Wellness is primarily being in good physical and mental health. Because mental and physical health are so closely linked, problems in one area can impact the other. At the same time, improving your physical health can also benefit your mental health and other life domains, and vice versa. It is important to be aware that wellness is an intentional, ongoing, and holistic approach to making healthy choices for major areas of life functioning.
The dark side of the wellness industry
The wellness industry is a carefully curated beast driven by the weight-loss industry, pseudo-science nutritionists, and Instagram influencers whose only credentials are that they look the ideal of what we’re conditioned to admire, which is usually thin, young, wealthy, cis-hetero, able-bodied, etc. It’s a system that shuts down critical thinking by relying on ambiguous terminology like clean, detox, and intuitive.
Wellness has become a key measure of personal success. We all know that the image of a successful woman isn’t complete without the obligatory performative displays of yoga in exotic locations, expensive organic lunches, or “fresh from the gym” selfies with full makeup. These images are more than a plea for validation. Not only do they encapsulate signaling of wealth and arguably whiteness that’s downright disturbing, but they continue to reinforce the notion that health is something we do rather than something we may have limited control over.
Even ‘wellness’ simply means the opposite of being unwell, which leaves a great deal of room for interpretation and hopefulness. It also preys on our vanity, youth obsession, and fear of death by packaging certain foods and products as ‘bad,’ and supplements and other merchandise as ‘necessary’ to be healthy, pretty, and thin. This can create a dangerous breeding ground for scammers and misguided zealotry.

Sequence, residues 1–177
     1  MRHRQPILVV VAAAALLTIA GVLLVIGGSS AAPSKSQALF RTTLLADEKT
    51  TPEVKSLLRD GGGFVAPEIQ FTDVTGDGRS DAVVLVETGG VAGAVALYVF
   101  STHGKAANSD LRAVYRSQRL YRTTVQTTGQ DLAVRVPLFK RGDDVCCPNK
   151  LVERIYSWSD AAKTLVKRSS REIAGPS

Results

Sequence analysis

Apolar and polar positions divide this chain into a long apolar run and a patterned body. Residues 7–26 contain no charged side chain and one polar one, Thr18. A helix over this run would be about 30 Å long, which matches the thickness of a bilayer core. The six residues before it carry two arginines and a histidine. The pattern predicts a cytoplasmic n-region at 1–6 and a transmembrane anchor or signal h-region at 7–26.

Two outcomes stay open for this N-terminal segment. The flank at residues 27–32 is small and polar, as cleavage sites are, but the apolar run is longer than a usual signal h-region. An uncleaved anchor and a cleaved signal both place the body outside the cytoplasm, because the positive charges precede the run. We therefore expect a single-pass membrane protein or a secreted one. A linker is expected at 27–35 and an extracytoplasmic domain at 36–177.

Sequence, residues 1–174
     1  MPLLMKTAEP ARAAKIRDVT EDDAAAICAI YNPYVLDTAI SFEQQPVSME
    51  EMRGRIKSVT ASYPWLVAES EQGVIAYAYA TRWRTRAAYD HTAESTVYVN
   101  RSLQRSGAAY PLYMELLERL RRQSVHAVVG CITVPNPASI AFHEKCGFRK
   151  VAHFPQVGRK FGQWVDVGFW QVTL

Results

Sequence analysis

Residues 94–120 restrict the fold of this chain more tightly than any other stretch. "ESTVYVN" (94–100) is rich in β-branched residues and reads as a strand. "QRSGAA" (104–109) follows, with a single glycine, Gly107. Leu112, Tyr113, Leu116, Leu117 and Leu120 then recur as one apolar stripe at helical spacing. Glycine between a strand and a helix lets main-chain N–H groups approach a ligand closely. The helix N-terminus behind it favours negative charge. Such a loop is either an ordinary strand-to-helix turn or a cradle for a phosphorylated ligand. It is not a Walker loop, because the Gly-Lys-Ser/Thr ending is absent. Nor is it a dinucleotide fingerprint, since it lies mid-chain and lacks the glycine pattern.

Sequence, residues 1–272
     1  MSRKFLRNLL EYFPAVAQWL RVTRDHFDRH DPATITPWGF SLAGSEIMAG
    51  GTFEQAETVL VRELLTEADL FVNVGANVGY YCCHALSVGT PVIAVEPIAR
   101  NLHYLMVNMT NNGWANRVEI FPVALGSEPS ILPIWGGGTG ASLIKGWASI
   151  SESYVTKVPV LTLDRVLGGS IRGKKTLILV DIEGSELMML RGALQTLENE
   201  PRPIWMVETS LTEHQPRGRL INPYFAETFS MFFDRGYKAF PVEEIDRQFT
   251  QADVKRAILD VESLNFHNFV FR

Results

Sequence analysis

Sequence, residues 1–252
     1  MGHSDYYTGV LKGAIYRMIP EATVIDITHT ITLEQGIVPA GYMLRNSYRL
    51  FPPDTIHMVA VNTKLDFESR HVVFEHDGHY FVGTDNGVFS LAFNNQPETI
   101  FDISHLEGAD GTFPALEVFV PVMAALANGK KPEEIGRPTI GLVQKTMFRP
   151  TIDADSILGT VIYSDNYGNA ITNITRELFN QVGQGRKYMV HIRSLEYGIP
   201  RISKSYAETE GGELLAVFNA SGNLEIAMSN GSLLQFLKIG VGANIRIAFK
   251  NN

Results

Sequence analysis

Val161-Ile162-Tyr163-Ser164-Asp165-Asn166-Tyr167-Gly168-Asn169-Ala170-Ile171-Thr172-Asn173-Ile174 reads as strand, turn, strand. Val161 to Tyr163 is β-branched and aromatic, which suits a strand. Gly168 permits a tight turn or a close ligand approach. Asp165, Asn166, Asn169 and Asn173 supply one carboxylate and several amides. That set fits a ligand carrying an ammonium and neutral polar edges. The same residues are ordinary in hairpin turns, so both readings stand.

Companies and brands do a very good job of marketing. On the surface, the alternative wellness industry seems designed for good in ways traditional cosmetics and western medicine have not: additive-free cosmetics, feel-good-focused exercise programs, and meditation programs aimed at improving mental health. These are a refreshing departure from programs emphasizing physical appearance over all else.
The story of the rise of wellness has largely focused on Gwyneth Paltrow’s Goop, partly because of an undeniable, if alarming, trend: Wellness is a new wealth. The word “wellness” can conjure images of wealthy women in yoga pants trying the latest sweetgrass-kale cleanse after a session at SoulCycle.
In truth, Goop is on the fringe of a much larger trend, a $4.2 trillion wellness industry that includes fitness classes, supplements, essential oils, and a wide range of alternative therapies, some potentially helpful and others, like homeopathy thoroughly discredited. By the end of 2017, the global wellness industry was valued at a whopping $4.2-trillion USD, according to the Global Wellness Institute.
The wellness industry is a predatory and misogynistic one that has carefully cultivated itself into a seductive solution to all our maladies. Instead, we need to demand institutional change, more research, and better services to shift the healthcare landscape to help us all, especially women.